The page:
For r1 to handle tasks such as booking vacations, ordering pizza, and getting an Uber, users have to log in to their different accounts through Rabbit’s web portal. The AI agents, referred to as rabbits by Rabbit, operate on an external server instead of the device, utilizing the logged-in accounts to carry out the required actions.

Rabbit assures that each user gets their own “dedicated and isolated” space on their secure servers, emphasizing that they do not retain user passwords. “Rabbits will ask for permission and clarification during the execution of any tasks, especially those involving sensitive actions such as payments,” the company says on its website.

On its website, the company mentions collaborating with top-notch industry partners in natural language intelligence to grasp user intentions, yet it keeps these partners undisclosed. In its privacy policy, Rabbit reserves the right to share user data with third parties for reasons like “data processing.” Despite a request for comment, Rabbit has not responded promptly.

The necessity of a new gadget for users to engage with AI agents remains uncertain. Francisco Jeronimo, a vice president at the market intelligence firm IDC, expressed skepticism on X, stating, “Only those who have lost touch with the way consumers use tech believe these products can succeed.” This applies to both Rabbit and Humane’s latest offerings. “Although the ideas have merit on their own, the reality is that consumers don’t need these kinds of devices, they need intelligent phones!”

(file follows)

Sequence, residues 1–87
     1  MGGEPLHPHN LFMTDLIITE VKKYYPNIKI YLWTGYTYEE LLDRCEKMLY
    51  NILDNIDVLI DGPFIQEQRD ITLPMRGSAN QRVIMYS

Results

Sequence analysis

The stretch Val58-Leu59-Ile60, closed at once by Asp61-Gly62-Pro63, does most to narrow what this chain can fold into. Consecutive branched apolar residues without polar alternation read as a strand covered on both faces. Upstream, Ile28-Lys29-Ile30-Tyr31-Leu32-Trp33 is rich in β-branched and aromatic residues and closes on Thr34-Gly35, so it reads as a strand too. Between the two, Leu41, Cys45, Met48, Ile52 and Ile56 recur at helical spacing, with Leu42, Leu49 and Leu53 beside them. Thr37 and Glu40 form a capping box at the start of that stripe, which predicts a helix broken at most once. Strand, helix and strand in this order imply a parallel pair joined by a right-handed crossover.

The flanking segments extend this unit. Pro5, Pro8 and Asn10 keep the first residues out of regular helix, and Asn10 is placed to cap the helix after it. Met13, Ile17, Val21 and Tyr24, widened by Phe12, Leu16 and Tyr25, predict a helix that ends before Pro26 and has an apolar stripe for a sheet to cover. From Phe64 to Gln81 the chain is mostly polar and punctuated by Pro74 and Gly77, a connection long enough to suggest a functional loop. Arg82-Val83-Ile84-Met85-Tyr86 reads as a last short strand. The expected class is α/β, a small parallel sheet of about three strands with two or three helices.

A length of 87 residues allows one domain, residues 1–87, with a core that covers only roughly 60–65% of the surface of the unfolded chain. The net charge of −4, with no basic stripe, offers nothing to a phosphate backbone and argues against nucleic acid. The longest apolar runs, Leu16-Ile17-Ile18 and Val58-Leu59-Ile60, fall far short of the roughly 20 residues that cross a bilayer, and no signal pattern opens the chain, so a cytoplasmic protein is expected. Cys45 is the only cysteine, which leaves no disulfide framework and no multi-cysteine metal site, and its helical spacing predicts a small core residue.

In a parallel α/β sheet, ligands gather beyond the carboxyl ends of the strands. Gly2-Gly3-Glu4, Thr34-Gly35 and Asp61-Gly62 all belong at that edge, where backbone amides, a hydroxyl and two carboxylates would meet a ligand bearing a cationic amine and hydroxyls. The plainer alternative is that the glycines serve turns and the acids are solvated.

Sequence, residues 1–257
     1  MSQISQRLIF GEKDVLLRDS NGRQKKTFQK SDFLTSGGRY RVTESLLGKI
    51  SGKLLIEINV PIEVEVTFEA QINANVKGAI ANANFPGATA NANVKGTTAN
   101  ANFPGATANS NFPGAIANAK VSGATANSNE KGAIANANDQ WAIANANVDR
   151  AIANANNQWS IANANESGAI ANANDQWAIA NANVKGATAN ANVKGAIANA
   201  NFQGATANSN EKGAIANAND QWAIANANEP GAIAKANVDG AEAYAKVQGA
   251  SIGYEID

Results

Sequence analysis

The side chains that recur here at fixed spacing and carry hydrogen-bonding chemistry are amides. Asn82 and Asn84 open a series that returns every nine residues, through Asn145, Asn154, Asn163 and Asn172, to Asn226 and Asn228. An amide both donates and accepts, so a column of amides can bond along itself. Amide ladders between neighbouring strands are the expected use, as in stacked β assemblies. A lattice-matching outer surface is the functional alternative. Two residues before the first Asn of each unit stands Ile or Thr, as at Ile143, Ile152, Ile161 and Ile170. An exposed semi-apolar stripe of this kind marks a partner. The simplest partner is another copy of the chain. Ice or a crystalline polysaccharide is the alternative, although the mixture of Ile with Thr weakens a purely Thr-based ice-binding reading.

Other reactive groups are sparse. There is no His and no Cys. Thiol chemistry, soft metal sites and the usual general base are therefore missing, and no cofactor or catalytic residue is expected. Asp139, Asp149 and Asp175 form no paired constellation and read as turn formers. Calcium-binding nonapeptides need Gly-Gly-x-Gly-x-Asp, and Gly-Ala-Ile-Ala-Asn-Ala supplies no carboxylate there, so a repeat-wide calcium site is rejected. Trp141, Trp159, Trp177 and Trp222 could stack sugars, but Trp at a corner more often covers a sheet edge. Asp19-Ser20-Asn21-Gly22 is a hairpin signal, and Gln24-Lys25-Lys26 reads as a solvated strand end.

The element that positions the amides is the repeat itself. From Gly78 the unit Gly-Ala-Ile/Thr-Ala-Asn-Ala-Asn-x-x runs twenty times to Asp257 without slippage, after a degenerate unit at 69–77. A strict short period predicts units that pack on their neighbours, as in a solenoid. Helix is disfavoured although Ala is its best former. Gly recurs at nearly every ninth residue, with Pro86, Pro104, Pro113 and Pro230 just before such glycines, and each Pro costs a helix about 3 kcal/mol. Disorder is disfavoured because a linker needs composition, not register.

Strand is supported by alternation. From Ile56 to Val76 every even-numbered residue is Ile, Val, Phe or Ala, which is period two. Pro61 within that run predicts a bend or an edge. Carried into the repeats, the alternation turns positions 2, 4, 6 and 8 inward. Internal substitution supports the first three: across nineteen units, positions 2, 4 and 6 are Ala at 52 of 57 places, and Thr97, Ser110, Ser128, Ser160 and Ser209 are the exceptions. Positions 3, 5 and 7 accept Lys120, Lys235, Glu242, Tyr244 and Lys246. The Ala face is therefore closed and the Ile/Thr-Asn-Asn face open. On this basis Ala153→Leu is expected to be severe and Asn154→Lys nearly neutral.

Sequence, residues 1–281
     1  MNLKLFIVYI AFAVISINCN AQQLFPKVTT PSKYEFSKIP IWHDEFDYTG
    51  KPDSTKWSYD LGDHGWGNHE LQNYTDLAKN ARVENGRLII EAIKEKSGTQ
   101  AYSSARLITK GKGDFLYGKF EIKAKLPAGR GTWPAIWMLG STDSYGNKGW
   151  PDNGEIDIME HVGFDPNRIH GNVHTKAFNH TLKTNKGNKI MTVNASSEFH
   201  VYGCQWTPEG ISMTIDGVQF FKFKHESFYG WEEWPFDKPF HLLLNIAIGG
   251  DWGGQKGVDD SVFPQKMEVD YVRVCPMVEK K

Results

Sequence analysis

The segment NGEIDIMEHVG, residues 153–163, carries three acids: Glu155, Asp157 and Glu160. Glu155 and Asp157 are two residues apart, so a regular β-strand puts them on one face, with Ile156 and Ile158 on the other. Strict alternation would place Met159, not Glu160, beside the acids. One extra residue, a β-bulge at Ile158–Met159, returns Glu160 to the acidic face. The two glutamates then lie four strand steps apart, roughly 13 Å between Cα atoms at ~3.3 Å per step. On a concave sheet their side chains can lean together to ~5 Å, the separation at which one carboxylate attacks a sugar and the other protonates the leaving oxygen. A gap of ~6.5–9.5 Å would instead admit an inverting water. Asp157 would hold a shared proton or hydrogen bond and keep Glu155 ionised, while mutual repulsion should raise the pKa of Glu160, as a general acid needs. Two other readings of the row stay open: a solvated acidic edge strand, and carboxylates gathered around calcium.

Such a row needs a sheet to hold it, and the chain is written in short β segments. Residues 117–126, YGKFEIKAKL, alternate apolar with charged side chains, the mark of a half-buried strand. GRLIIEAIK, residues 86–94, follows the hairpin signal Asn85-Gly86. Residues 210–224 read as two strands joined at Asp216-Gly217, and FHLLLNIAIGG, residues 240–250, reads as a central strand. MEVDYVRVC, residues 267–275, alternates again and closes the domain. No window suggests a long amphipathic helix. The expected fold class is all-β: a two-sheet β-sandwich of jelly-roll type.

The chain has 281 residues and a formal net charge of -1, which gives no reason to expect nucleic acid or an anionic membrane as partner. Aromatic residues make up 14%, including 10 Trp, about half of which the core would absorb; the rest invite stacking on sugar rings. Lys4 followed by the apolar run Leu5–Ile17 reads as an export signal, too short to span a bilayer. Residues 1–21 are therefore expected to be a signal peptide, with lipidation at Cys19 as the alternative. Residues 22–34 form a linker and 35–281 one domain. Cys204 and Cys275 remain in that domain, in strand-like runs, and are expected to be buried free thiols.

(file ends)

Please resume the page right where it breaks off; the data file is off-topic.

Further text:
Also Read: What’s NPU, and why is everyone suddenly interested in it?

Not all experts are onboard with the idea

Altman has openly shared his interest in integrating more agential capabilities into OpenAI’s software, potentially eliminating the necessity for additional AI-first devices. “Eventually, you’ll just ask a computer for what you need, and it will do all of these tasks for you,” Altman said at an OpenAI developer conference in November.

However, the shift towards companies enabling AIs to carry out real-world actions has raised concerns among some experts. While AI devices like the Rabbit r1 have restricted capabilities in influencing the world, the growing strength of agential AIs could present numerous risks, as highlighted in a paper released in October by the Center for AI Safety.

“AI agents can be given goals such as winning games, making profits on the stock market, or driving a car to a destination,” the paper says. “AI agents therefore pose a unique risk: people could build AIs that pursue dangerous goals.”

The paper suggests that a society relying heavily on a intricate network of interacting AI agents might face issues such as getting stuck in feedback loops that are hard to escape or the goals of agents “drifting” in ways that could be detrimental to humanity.

In November, Altman hinted that safety concerns were a key factor in OpenAI’s cautious approach, emphasizing that they were only taking small steps to grant their AI tools the ability to execute actions in the real world.

“We think it’s especially important to move carefully towards this future of agents,” he said. “It’s going to require … a lot of thoughtful consideration by society.”

Vishal Kawadkar
About author

With over 8 years of experience in tech journalism, Vishal is someone with an innate passion for exploring and delivering fresh takes. Embracing curiosity and innovation, he strives to provide an informed and unique outlook on the ever-evolving world of technology.